Over on his YouTube channel icholakov has uploaded a video comparing the USB power consumption of various software defined radios. In his tests he uses an inline USB current meter and compares a Perseus, RSP1, RSP1A, Airspy HF+, Airspy HF+ Discovery, RTL V3, Nooelec RTL Mini, Hauppauge 955Q, Flightaware RTL.
If you're only interested in the summary table, then this can be found at 05:49 in the video.
Generally SDRs with better performing tuners and more amplifiers will have higher power requirements, although current consumption can't solely be used to judge performance as some SDRs like the SDRplay make extensive use of filtering to overcome RX performance issues in their tuner. The RTL-SDR V3 and FlightAware dongles have slightly higher current draw compared to the Mini RTL-SDR as they contain an additional HF amplifier and ADS-B amplifier respectively. Lower power consumption may be useful when used with batteries and mobile phones.
Nine SDR Receivers power consumption comparison - how much power does your SDR consume?
The ElectroSense network is a crowd-sourcing initiative to collect and analyse spectrum data. It uses small radio sensors based on cheap commodity hardware and offers aggregated spectrum information over an open API.
The initiative's goal is to sense the entire spectrum in populated regions of the world and to make the data available in real-time for different kinds of stakeholders which require a deeper knowledge of the actual spectrum usage.
ElectroSense is an open initiative in which everyone can contribute with spectrum measurements and access the collected data.
There are already several spectrum sensing projects in the works by big companies like Google, Microsoft, and IBM, but these only cover a small portion of the spectrum, or use high cost sensing stations limiting their ability to be deployed on a wide scale. Electrosense solves these problems by using low cost RTL-SDRs, and a crowd sourcing paradigm.
At the time of writing there are 103 sensors registered to the Electrosense network, with 23 being online, most of which are in Europe. Once you register an account on their site, you can browse the active sensors. Clicking on the spectrum button for a sensor brings up a live spectrum graph. For example in the screenshot below we access the data from an RTL-SDR + downconverter sensor in Madrid. We're able to see a live wideband 20 MHz to 6 GHz spectrum scan, and graphs of frequency occupancy rates.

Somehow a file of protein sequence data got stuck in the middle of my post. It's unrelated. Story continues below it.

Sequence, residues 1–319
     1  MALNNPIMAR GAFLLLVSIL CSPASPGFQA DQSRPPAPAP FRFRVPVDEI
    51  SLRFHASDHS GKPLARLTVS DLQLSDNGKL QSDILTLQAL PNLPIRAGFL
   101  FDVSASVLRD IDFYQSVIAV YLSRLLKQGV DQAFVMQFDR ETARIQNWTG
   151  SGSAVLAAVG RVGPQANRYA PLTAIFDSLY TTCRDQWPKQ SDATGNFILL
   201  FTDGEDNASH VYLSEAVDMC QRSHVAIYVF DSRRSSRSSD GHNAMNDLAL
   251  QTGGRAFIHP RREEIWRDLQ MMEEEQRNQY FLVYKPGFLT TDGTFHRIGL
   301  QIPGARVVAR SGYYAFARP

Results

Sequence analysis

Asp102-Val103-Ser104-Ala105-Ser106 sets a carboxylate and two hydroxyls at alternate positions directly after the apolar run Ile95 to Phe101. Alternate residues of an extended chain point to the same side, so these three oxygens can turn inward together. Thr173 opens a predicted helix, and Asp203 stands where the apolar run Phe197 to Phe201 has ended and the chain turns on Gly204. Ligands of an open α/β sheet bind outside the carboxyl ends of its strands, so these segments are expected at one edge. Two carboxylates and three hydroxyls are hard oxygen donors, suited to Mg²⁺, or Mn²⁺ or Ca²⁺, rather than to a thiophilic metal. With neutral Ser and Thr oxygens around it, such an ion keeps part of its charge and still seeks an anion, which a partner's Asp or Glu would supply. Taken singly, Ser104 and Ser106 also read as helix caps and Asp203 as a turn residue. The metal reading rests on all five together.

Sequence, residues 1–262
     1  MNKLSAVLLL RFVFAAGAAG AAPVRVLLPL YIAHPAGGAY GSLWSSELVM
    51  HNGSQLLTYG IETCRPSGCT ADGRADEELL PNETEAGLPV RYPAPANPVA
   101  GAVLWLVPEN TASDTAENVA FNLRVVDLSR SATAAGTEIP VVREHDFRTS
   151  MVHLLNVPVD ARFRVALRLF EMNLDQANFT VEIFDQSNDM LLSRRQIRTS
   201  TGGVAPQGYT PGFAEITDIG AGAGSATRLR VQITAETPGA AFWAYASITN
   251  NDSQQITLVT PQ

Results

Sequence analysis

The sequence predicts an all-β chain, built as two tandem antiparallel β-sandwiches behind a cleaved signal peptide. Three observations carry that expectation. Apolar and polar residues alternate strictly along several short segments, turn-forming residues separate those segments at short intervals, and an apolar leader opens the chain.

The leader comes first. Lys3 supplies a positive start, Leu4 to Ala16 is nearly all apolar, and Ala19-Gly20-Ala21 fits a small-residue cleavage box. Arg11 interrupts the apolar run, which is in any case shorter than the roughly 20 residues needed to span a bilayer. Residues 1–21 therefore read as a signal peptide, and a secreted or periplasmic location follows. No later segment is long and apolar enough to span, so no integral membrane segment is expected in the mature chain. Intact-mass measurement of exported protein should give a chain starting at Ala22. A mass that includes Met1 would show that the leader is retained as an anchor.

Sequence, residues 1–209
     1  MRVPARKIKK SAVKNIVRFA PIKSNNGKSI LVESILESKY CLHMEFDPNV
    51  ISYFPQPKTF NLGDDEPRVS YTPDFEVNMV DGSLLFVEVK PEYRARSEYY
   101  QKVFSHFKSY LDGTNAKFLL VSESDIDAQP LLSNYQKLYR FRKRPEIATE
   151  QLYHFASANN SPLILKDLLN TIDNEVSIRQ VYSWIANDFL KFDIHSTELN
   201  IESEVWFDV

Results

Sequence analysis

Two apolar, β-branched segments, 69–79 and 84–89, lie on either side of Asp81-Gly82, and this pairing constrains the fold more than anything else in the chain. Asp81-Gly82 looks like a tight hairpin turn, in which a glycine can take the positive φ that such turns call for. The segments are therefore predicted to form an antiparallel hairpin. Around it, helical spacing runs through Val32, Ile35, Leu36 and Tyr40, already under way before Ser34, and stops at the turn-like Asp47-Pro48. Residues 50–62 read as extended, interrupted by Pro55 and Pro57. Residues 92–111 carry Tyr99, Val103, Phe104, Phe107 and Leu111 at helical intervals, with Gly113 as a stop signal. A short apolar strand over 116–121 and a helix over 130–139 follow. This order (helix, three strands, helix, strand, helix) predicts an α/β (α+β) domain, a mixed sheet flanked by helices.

In addition to the standard SDR hardware being used, they've also designed a very interesting open hardware/source DC to 6 GHz up/downconverter board. The board is USB controlled, and switches between the upconverter for the lower HF bands, pass through for receiving DC- 1.6 GHz, and the downconverter for receiving up to 6 GHz. It has a 20 MHz output bandwidth which means that wide band SDRs can also make use of it.
The Electrosense website notes that anyone can host a sensor, and if you meet their criteria (permanent internet connection, ethernet connectivity and a low interference location) you can apply for a free kit. If you aren't selected for a free kit, then the Jetvision store based in Europe is selling Electrosense kits that include an RTL-SDR Blog V3, Raspberry Pi 3, power supply, SD card with preinstalled Electrosense software, and either our multipurpose dipole antenna, or a wideband discone with 15m of low loss cable for roof mounting.
If you're interested in this type of crowd sourced spectrum project, then you might also want to take a look at the KiwiSDR which is a networked 0 - 30 MHz SDR. Multiple crowd sourced KiwiSDR's can be used in a TDoA calculation for determining transmitter locations.
Briefly, their build consists of a horn antenna and reflector designed for the 1,420.4 MHz Hydrogen line frequency. The horn is built out of a few pieces of lumbar, metallic house wall insulation sheets and aluminum tape. The feed is made from a tin can and piece of wire. In terms of radio hardware, they used an Airspy SDR, GPIO labs Hydrogen Line Filter + LNA, and 2x Uputronics Wide band preamps, and a Minicircuits VBF-1445+ filter. For software processing, they used a GNU Radio flowgraph to integrate and record the spectrum.
The results show that they were able to achieve a good hydrogen line peak detection, and they were able to measure the galactic rotation curve doppler shift, and tangent points which prove that we do in fact live in a spiral galaxy.
Over the last several months we've been working on a versatile active L-band patch antenna that can cover Inmarsat to Iridium satellite frequencies. That antenna is now almost ready, and should be able to ship out from our Chinese storage warehouse by week 1 or 2 of October NOTE: Due to an unfortunate Typhoon near the factory in Taiwan, and the Chinese National Week long holidays and Taiwan National day we are expecting them to ship out in week 3 or 4 of October now. Apologies for the delays. No other components like filters or amplifiers are required to be able to use this antenna, as it is an all in one system.
The expected price will be US$39.95, but right now we're releasing it for a discounted PREORDER price of US$34.95 incl. free shipping.
Your preorder will ship out as soon as it's stocked in the warehouse in China. If you prefer to wait we'll also have this product on Amazon (at retail $39.95) about 2-3 weeks after it is stocked in our Chinese warehouse.
The antenna is based on the active (low noise amplified with built in filter) ceramic patch design that was used by Othernet (aka Outernet), back when they had their L-band service active. We've asked them to modify the antenna to cover a wider range of frequencies, and include an enclosure that allows for easier mounting.
The antenna is 3.3 - 5V bias tee powered, so you will need a bias tee capable RTL-SDR like our RTL-SDR Blog V3, or a 5V external bias tee. It draws about 20-30mA of current, so it is compatible with other SDRs like the SDRplay, HackRF and Airspy too.